FAQ for

Birth Parents

Can I choose the parents for my baby?

In California, a birth parent may select the adoptive parents she wishes to have adopt her child or the baby born to her or due to be born to her in the future.

How much can I find out about the adoptive parents?

California law requires that certain basic information be provided to you about the people with whom you are thinking of placing your baby. That information includes but is not limited to: names, ages, religion, occupations, general health, prior marriages, other persons/children living in their home and the existence or absence of a criminal record. The adoptive parents will be honest with you so that you will have a truthful disclosure about their lives. They of course will expect you to be honest with them too!

I have living expenses and no medical insurance. Who will help me with my bills?

All states including California have specific laws which specify what birth mother expenses can and cannot be paid during an adoption.

What assurance do I have that the adoptive couple are suitable adoptive parents?

Every adoption involves investigation of the adoptive parent(s) by either a state or a licensed agency. People wishing to adopt are required to provide fingerprints, detailed financial, social, and employment histories, copies of tax returns, reports of medical examinations of both adopting parents, letters of reference and their home must be inspected. Criminal records and child abuse indices are checked before the home study may be approved.

Is the choice of adoptive couples really mine?

Yes.  This office does not match you with adoptive families and we do not make introductions for you or for them.  We only do the legal paperwork once you and they have decided that you wish to work with one another on an adoption plan at which time legal services would be required for court purposes.

Does the birth father have to be involved?

We would prefer to have the cooperation of the birth father in all adoptions handled by this office. Sometimes, as in the case of unknown assailants, that is impossible. But in cases where the birth father is known we prefer that the birth father (if he and you are not married) sign a waiver of his rights as soon as possible or let us know what his intentions are. As an adoptive parent I can assure you that it is best for the child if the birth father participates in a constructive manner in the adoption process and provides as much background information including his medical history as he can. If you simply cannot deal with the birth father we can discuss how to best handle the situation with you on a case by case basis. There are so many variables in this area that it is impossible to generalize.

Can I have contact with my baby after the adoption is completed?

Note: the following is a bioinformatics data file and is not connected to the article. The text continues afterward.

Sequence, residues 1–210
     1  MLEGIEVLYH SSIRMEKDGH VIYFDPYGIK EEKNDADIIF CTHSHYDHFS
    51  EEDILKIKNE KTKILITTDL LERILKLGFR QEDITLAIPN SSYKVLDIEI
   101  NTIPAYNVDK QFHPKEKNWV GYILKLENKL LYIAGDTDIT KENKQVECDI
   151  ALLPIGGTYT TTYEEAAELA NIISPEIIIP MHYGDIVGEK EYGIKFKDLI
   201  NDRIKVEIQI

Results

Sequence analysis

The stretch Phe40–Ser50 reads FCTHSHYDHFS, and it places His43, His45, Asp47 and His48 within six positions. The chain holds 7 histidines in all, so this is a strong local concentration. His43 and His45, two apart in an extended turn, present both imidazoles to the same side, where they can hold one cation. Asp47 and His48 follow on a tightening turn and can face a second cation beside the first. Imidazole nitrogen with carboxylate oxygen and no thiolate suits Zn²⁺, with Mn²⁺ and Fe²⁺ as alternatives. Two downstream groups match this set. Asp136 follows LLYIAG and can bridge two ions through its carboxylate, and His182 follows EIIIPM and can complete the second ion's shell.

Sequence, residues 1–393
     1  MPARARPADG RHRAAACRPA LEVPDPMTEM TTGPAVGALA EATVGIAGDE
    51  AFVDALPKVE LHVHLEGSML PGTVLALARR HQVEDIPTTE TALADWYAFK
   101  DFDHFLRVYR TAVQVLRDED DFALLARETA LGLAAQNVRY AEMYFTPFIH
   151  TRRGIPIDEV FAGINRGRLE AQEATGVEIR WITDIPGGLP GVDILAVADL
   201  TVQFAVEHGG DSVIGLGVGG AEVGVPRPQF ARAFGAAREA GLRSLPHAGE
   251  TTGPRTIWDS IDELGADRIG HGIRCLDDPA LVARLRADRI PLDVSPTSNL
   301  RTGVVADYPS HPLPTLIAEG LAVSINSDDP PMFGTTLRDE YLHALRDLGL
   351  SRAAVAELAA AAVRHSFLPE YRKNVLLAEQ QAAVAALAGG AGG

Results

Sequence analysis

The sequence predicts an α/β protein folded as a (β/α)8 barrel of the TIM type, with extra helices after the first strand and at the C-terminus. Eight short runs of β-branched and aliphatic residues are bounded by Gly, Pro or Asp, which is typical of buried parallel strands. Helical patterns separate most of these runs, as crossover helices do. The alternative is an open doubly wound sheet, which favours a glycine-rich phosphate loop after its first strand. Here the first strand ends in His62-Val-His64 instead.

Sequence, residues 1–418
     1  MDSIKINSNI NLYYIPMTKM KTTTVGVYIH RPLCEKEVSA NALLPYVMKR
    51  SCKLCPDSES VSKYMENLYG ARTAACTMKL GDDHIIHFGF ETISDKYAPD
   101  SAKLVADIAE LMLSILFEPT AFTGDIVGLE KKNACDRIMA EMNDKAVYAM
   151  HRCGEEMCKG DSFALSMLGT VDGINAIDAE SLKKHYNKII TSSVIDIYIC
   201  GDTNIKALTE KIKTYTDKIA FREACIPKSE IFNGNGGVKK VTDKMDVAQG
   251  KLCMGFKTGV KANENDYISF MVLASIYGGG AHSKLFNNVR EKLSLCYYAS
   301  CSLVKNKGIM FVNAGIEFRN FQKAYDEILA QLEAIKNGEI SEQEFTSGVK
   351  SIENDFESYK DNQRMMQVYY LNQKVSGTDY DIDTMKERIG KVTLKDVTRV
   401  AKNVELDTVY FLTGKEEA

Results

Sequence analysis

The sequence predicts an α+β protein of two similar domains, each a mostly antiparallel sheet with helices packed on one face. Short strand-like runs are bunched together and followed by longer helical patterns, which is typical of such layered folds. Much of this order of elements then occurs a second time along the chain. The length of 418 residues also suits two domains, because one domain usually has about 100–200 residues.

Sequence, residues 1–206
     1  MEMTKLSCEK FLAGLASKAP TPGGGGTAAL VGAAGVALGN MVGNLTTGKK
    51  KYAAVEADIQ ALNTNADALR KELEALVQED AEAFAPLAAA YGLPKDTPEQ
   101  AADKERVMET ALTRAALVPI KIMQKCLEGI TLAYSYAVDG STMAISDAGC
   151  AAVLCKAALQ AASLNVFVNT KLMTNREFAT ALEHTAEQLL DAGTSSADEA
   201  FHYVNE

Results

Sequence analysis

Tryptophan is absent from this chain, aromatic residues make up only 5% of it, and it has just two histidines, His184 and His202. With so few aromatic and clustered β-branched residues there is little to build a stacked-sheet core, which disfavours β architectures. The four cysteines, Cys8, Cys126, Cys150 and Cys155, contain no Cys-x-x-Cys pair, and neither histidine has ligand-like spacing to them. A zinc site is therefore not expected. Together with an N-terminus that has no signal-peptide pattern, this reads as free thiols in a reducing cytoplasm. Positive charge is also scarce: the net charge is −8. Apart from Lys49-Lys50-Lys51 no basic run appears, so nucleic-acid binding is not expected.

Some birth mothers want no contact with the baby they place for adoption. They choose to close the chapter on that moment of their lives and move forward. Other birth mothers would like periodic pictures and perhaps a letter or two each year about the child’s progress. We are happy to work with you and help you enter into a POST ADOPTION PLACEMENT AGREEMENT FOR CONTACT plan.

I’ve selected a family in California already on my own but I live in another state. Can we do this?

Yes, you can.

Do I have to pay Mr. Baum for his services?

No you do not. The adoptive family with whom you match will be responsible for the payment of my fees. All services I provide to birth parents are at no charge to the birth parents. You will never be asked to pay me for my efforts on your behalf.

Why should I choose adoption?

Just as every person in the world is different so are the reasons why birth parents choose to make an adoption plan. Some birth parents want their baby to have two parents. Others may feel that they are not mature enough, financially able or emotionally prepared to raise a child. Sometimes birth parents may be in the middle of completing their educations or entering into a new career. In some instances people who already have children feel that they just can’t raise another child in their home without hurting the children they already are raising.

I’m having mixed feelings about my adoption plan. Is this a normal reaction?

Most birth parents experience different emotions during the adoption process–from great joy to a sense of sadness about their decision to place their baby in the arms of an adoptive family rather than raise the baby themselves. Obviously you’ll never forget your baby nor would you want to. While there maybe some sadness which may accompany your decision to make an adoption plan most birth mothers tell us that they feel better knowing that they are giving their baby the best possible start in life with the love and security offered by a wonderful adoptive family. Remember that in life most important decisions are often very difficult. When you consider what’s best for your baby and what’s best for you it is likely that you will find it easier to make the right decision.